By Teryl Warren


Photos Courtesy of Mayim Bialik

We’ve all heard the horror stories: the drug overdoses, the dramatic public meltdowns, the careers that were cut short once puberty set in. The harsh realities of life as a former child star typically lead to crash-and-burn endings – which is what makes the story of actress and Ph.D. Mayim Bialik all the more inspiring.

Even without the benefit of formal training, the actress got her first role at the tender age of 12, went on to warm audiences’ hearts as Bette Midler’s young character in the tearjerker Beaches and shot to household name-fame as the titular character on the 1990 sitcom “Blossom.”

A true triple-threat, Mayim, acted, sang and danced her way into living rooms for five seasons. And while the show was still on the air, Bialik was accepted by Harvard and Yale before ultimately choosing to attend UCLA – where she would go on to earn her Bachelor, Master’s and Ph.D. in Neuroscience.

The petite actress, author and mother of two has recently come full-circle, career-wise.  The self-described “nerd” has been delighting audiences as “Dr. Amy Farrah Fowler” on the hit sitcom “Big Bang Theory” since 2009.

To what does Mayim attribute her strong sense of normalcy in a decidedly un-normal world like show biz? Without hesitation, she credits the firm foundation her family established for her, her Jewish heritage and her faith for helping her navigate the sometimes murky waters of Hollywood.

“My parents are both schoolteachers and I’m from an immigrant family so I had to go to college,” she laughed. “I ultimately took 12 years off from acting to go to college and have a family.”

Photos Courtesy of Mayim Bialik

As a self-described “aspiring Modern Orthodox” Mayim is part of a growing movement within Orthodox Judaism that seeks to fuse traditional Jewish values and the observance of Jewish law with the secular modern world.

“I traveled to Israel for the first time when I was 16, and I’ve gone about every other year since then,” she said. “On my first trip, I had such an American experience. I listened to U2’s “Rattle and Hum the whole time, so that was my soundtrack for Israel.”

But despite the Western influences she may have brought with her, even that first trip to the Holy Land inspired a deep sense of connection to her Jewish roots – one that would lead her to learn proper Hebrew grammar at UCLA, where she also studied Yiddish for a year.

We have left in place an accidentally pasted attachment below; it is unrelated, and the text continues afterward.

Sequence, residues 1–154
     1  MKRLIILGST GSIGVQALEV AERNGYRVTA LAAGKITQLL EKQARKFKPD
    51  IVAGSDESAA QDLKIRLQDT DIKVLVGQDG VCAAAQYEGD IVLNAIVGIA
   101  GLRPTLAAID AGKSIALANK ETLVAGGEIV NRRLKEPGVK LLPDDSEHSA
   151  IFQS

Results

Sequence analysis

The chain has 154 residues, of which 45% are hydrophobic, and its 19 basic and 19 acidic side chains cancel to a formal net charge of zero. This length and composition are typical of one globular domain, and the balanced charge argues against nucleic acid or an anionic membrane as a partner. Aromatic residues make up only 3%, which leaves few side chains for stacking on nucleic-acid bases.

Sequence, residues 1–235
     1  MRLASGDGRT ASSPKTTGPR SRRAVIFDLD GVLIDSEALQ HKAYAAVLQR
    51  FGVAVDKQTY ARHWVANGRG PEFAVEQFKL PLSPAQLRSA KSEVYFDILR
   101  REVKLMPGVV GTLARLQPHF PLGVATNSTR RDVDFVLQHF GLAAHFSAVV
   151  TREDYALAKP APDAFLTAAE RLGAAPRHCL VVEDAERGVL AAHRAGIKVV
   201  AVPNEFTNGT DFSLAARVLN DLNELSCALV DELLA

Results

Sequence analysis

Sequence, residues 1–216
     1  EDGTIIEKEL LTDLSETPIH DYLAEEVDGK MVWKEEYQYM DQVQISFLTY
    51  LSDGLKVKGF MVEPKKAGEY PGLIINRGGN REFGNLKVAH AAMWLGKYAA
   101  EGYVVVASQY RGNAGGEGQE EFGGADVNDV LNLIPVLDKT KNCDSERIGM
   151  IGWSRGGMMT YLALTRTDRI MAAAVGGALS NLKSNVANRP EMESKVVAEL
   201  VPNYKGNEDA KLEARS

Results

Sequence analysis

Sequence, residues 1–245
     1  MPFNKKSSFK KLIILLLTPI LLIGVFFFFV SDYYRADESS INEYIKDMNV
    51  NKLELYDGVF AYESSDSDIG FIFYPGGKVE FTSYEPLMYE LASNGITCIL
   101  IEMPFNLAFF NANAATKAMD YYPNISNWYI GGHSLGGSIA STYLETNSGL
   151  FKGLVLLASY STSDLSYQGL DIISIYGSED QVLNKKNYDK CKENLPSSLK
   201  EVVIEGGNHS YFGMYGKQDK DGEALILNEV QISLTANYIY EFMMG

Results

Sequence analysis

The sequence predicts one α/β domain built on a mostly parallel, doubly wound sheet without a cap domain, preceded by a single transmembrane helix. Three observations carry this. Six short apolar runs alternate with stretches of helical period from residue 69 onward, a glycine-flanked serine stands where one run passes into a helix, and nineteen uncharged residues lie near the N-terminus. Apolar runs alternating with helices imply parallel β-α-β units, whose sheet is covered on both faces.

“Israel keeps me sane. In this bubble of LA, it’s easy to feel like this is all there is. Being able to see that the world is much bigger than LA keeps me sane.”

Mayim confides that it is sometimes difficult to balance her religious practices with Hollywood’s red carpet fashion trends and frenetic pace.

“I haven’t worn pants outside the house in 5 years. My skirt hemlines have to fall to the knee when I’m standing. It can be a little tricky at times, but I’m fortunate in that my character on “Big Bang Theory” pretty much always  dresses the same  – modestly and with no ridiculous cleavage, she told us. “The notion of routine, for instance, keeping the Sabbath, also keeps me sane.  For 25 hours every week, I shut everything down – no laptop, no phone. I get to own myself for one whole day.”

While at UCLA, Mayim became very active in raising awareness about Zionism, and she continues to do a lot of public speaking to both Jewish and academic organizations.  One question that regularly arises in both circles, she says, is how she maintains balance in her life – particularly between her religious faith and her studies in neuroscience.

“I’ve never felt a conflict between science and religion. I meet people all the time who believe in both God and science.  Everything I’ve learned [in both school and religion] reaffirms that I don’t know how everything works – but thank God someone does.”

To keep up with all of Mayim’s upcoming appearances, speaking engagements  and more, please visit:


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